Battle of Hürtgen Forest
Contributor: C. Peter Chen
Located at the border of Germany and Belgium, the Hürtgen Forest was a wooded area 50 square miles wide that provided another possible corridor for the Allies to thrust into Germany. Lieutenant General Courtney Hodges' First Army, charged with taking the densely wooded terrain, quickly saw the advance becoming a standstill as the American material advantage were taken away by the fierce shelling from well defended German positions. "The enemy had all the advantages of strong defensive country, and the attacking Americans had to depend almost exclusive upon infantry weapons because of the thickness of the forest", said Dwight Eisenhower.
After nearly a month of fighting, the Americans suffered 4,500 casualties after pushing only a few kilometers into the forest. Had the Americans advanced further, the German defenders also had the option of opening the dams nearby and flood the entire forest. Meanwhile, elements of Hodges' army besieged the city of Aachen a short distance north of the forest; Aachen became the first large German city to fall under Allied control when it fell on 21 Oct 1944. Instead of enveloping Hürtgen Forest and move the bulk of his forces eastwards into the heart of Germany, Hodges decided to eliminate the German forces in the forest to secure his southern flank.
Early in Nov, the Allies launched a new offensive into the forest. The elements of the First Army encountered exploding trees, a technique deployed by the German defenders where shells exploded 80 to 100 feet above the ground, and the explosion at the treetops sent a rain of shrapnel and wood splinters of wood down at the American troops who ducked down, uselessly, at the first sound of explosion. The Americans, however, quickly learned to "hug a tree" in which they stood flat against large tree trunks to minimize exposed body area. Replacement troops flowed into the forest constantly, but not at a rate that replaced the mounting number of casualties; many units had over 100% casualty rate with the fierce fighting. "It was brutal," said Jacob Pennegar, an Army private who went into the forest as a replacement.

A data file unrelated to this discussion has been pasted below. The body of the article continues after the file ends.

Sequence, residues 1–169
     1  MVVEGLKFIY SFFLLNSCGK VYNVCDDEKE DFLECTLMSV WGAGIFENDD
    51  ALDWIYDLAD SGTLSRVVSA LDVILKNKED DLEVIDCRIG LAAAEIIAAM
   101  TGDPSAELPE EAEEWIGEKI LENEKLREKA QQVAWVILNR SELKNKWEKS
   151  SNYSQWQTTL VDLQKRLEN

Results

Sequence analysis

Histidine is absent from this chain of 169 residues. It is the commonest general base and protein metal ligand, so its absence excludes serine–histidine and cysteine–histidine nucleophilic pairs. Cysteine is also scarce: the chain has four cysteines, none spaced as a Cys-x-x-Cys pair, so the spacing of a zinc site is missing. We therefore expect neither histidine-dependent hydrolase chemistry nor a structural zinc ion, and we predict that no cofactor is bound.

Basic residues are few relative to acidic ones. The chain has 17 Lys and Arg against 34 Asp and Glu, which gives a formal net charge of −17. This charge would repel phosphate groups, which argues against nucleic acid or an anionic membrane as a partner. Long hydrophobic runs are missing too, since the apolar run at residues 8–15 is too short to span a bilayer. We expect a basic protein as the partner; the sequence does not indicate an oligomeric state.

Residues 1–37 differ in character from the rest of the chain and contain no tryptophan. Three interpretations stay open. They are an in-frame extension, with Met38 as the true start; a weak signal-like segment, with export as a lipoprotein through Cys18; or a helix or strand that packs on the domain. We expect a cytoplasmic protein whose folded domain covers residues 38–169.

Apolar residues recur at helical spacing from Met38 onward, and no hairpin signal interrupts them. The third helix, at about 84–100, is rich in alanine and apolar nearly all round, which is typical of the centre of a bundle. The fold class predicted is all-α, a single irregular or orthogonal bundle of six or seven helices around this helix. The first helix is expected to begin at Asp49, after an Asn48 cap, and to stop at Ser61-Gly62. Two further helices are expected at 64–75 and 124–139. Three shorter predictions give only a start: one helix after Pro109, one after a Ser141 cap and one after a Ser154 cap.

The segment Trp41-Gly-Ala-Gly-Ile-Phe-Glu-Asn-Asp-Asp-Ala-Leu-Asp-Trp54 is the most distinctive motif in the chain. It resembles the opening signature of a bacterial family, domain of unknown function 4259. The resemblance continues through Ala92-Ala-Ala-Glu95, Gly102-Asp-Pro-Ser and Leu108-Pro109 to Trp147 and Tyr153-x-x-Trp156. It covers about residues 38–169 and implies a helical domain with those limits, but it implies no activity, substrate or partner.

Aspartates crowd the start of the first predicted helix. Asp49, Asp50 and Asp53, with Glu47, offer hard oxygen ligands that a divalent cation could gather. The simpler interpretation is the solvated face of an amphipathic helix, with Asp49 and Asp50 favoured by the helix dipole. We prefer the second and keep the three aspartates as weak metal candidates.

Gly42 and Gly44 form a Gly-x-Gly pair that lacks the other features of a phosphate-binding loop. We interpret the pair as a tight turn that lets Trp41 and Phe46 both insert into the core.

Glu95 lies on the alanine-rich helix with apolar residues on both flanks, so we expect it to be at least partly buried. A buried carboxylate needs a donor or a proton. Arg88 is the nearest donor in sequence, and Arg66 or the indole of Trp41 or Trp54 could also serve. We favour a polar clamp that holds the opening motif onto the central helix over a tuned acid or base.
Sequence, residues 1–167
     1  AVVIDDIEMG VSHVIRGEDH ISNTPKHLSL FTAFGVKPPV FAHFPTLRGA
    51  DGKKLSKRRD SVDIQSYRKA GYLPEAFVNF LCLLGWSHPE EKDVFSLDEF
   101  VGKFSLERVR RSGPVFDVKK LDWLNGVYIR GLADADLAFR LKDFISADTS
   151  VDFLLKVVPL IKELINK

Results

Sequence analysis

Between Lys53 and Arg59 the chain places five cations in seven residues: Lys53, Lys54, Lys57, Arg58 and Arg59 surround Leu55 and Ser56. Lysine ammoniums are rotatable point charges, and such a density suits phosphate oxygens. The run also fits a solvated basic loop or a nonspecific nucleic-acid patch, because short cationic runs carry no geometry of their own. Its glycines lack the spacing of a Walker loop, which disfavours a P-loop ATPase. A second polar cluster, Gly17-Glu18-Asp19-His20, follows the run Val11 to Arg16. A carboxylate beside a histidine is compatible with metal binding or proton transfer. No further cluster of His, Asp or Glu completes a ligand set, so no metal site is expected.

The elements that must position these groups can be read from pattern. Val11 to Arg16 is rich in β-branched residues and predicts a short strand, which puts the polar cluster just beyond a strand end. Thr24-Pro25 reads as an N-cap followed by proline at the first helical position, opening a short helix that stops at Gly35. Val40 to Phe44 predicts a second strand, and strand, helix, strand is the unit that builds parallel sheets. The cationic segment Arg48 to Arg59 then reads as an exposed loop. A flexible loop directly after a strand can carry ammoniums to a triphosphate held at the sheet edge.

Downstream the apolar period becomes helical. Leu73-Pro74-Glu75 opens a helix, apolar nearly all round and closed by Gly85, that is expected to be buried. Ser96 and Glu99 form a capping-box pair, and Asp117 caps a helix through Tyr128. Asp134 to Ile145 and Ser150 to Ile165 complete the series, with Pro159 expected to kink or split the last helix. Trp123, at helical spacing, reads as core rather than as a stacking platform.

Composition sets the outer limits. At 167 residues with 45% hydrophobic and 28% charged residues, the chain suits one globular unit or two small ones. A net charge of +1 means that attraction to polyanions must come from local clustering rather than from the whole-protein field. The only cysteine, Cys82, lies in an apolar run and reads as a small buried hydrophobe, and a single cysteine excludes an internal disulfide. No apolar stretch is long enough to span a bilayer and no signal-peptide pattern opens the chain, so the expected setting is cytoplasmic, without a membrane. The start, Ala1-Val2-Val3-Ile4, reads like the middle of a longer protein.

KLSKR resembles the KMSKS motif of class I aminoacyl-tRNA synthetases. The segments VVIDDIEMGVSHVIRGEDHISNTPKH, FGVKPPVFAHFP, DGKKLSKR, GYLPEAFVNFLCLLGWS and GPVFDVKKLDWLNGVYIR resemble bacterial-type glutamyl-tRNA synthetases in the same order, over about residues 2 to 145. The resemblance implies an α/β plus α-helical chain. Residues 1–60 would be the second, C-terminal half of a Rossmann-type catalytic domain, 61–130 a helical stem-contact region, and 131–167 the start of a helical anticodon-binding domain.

The Germans also booby trapped a three-mile wide zone in the forest with mines planted every eight paces to slow any possible American advance. To top it all off, on top of potential death delivered by shelling and mines, German snipers dotted the forest, taking out unsuspecting American soldiers who became lost in the directionless snow-covered landscape.
The Battle of Hürtgen Forest was the longest battle the Americans had ever fought in the history of the United States military. The American forces suffered 33,000 casualties (9,000 of which were attributed to non-combat causes such as illness and friendly fire), while the Germans suffered 28,000 casualty (12,000 of whom died). Despite the eventual American victory achieved with the "Yankee doggedness" as described by Dwight Eisenhower, many historians argued that the lives spent at Hürtgen were in vain for that the forest was of little strategic value. While the American troops fought the extended battle, dams on the Roer River remained under German control.
"One way or another, they got you. You froze to death or you got sick or you got blown to bits." Said Leonard Lomell, an Army lieutenant and a survivor of Hürtgen.
Dwight Eisenhower, Crusade in Europe
Carol Morello, "Brutal Battle in the Forest", Washington Post, 24 May 2004
University of San Diego History Department
Battle of Hürtgen Forest Interactive Map
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James Forrestal, Secretary of the Navy, 23 Feb 1945